His online obituary also noted his dedication to helping those less fortunate. He spent many years assisting in soup kitchens and homeless shelters, delivering meals to homebound seniors, and supporting many charitable organizations and the First Presbyterian Church of Norfolk.
"He had a great heart for the little man, for the common man," Jones said. "He was very eager to reach out to help someone."
Now about that haircut. It was a military-style flattop he'd had since he was 20. It made him look more conservative than he was, Zeigler said, and "gave him an authority most people can't command."
Or, as Mishkofski put it: "Let's face it folks. NOBODY rocked the crew-cut like John Ramsey!"
Ramsey was preceded in death by his parents, Eva Marie and Warren Arthur Ramsey; his wife, Donna Ramsey; his son, Mark McSaen Ramsey; his sister, Carmen Leonard; his niece, Donna Bratz; and his longtime companion, Katherine Mays. He is survived by his daughter, Laurie Anne Ramsey of Sewanee, Tennessee, and her companion, Claude Gerling of Strasbourg, France; John's nieces and nephews in Arkansas: Carol Ellen Thompson, Butch Selig (Judy), Eleanor Lynn O'Neal, James Arthur Leonard, Julie Fitzwater, Phyllis Jolley (Tim), and Sarah Leonard; many great- and great-great nieces and nephews; and in Virginia, Katherine's children: Linda Mays, Rob Mays (Sybil), and Kathy Coleman (Sam).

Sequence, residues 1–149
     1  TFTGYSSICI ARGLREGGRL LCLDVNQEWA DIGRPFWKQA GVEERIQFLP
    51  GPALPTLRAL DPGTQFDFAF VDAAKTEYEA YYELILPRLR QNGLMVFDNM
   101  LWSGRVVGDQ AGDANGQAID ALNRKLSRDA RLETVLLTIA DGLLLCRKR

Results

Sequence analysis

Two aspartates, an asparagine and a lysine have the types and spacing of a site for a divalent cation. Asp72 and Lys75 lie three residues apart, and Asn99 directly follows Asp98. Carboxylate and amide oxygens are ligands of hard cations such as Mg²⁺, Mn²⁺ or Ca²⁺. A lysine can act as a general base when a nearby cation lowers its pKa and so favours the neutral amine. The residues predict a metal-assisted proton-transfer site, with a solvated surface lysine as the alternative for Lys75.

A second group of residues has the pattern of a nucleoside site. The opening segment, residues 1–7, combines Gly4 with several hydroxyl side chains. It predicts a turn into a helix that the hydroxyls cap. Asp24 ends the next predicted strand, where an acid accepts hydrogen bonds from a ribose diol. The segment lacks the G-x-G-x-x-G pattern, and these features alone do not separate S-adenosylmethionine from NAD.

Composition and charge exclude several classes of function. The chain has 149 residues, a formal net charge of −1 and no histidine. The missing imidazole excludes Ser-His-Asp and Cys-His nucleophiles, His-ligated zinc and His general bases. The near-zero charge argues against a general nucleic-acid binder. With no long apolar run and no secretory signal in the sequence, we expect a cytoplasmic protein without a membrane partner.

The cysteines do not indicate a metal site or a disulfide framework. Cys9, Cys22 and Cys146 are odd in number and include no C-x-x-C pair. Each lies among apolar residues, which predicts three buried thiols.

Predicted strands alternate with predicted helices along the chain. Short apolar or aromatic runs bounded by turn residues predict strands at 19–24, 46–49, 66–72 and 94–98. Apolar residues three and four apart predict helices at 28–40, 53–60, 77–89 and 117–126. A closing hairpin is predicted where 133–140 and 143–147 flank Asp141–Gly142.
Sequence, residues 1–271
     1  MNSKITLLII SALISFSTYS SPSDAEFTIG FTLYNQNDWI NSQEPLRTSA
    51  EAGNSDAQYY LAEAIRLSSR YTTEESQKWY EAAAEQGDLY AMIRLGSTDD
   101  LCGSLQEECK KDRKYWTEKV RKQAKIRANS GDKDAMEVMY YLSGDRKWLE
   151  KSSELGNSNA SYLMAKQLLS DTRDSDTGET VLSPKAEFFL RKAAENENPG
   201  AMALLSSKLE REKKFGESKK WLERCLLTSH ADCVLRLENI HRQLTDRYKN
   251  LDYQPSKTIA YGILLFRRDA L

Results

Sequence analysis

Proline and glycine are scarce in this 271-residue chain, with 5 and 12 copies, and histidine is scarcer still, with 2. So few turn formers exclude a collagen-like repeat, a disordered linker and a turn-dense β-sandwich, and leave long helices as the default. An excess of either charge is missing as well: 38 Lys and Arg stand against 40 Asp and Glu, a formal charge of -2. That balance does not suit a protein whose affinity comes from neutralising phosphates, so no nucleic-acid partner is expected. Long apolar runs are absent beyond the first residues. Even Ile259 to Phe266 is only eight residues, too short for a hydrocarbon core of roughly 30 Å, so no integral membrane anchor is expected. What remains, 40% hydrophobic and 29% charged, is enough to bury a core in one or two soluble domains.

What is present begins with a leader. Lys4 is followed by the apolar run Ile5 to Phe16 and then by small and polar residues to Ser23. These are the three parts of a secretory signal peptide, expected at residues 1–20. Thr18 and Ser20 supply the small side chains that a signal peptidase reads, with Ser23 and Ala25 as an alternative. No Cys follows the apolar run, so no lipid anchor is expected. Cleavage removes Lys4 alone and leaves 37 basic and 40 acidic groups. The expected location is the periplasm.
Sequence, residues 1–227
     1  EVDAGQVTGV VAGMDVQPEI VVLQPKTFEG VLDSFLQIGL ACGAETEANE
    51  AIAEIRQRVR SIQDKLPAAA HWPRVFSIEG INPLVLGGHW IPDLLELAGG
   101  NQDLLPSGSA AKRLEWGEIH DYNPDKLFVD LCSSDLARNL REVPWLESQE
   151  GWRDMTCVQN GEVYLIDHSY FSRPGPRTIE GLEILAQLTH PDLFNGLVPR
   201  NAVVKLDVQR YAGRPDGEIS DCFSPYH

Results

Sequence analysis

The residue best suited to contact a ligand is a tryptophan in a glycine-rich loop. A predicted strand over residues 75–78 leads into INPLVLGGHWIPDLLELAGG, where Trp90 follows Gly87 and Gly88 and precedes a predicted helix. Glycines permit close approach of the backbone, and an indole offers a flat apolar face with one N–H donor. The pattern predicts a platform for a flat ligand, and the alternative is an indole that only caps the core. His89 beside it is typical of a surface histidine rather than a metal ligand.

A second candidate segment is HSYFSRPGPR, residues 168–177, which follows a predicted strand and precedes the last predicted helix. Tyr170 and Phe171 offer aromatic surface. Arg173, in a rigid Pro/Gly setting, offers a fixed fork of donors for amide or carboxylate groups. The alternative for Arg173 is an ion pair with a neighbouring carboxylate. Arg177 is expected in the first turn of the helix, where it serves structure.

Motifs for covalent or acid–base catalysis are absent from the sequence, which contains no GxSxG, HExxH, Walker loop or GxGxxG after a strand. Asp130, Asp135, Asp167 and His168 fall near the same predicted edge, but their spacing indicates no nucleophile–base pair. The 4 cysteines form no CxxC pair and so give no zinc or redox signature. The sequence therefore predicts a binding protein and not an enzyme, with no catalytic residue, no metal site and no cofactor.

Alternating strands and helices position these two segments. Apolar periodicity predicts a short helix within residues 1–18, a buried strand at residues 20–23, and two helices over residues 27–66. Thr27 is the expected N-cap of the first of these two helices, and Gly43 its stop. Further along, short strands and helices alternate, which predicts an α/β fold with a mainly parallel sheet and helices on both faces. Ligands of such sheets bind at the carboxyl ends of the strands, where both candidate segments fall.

His ashes will be scattered in Virginia and Arkansas following a memorial service schedued for 11 a.m. Aoril 9 at First Presbyterian Church, 820 Colonial Ave, Norfolk. Masks will be required, and everyone will be able to spread out in the sanctuary. The service is also scheduled to be livestreamed via Zoom. An outdoor reception following the service is being planned.
Arrangements aare being handled by Moore-Cortner Funeral Home in Winchester, Tennessee. In lieu of flowers, the family invites you to support Children's Hospital of The King's Daughters, Christian Appalachian Project, Feeding America, Southern Poverty Law Center or a charity of your choice.